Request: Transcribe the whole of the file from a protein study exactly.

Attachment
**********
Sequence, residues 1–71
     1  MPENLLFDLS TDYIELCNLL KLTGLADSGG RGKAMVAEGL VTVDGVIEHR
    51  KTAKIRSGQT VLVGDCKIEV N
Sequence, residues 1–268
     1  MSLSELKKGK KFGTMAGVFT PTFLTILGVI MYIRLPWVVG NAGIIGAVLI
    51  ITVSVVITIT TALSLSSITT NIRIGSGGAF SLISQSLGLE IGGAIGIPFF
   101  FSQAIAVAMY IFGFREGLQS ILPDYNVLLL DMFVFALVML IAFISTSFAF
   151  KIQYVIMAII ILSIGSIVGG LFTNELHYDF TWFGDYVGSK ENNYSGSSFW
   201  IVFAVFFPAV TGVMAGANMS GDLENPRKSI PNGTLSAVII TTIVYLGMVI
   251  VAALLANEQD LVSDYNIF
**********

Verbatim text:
Sequence, residues 1–71
     1  MPENLLFDLS TDYIELCNLL KLTGLADSGG RGKAMVAEGL VTVDGVIEHR
    51  KTAKIRSGQT VLVGDCKIEV N
Sequence, residues 1–268
     1  MSLSELKKGK KFGTMAGVFT PTFLTILGVI MYIRLPWVVG NAGIIGAVLI
    51  ITVSVVITIT TALSLSSITT NIRIGSGGAF SLISQSLGLE IGGAIGIPFF
   101  FSQAIAVAMY IFGFREGLQS ILPDYNVLLL DMFVFALVML IAFISTSFAF
   151  KIQYVIMAII ILSIGSIVGG LFTNELHYDF TWFGDYVGSK ENNYSGSSFW
   201  IVFAVFFPAV TGVMAGANMS GDLENPRKSI PNGTLSAVII TTIVYLGMVI
   251  VAALLANEQD LVSDYNIF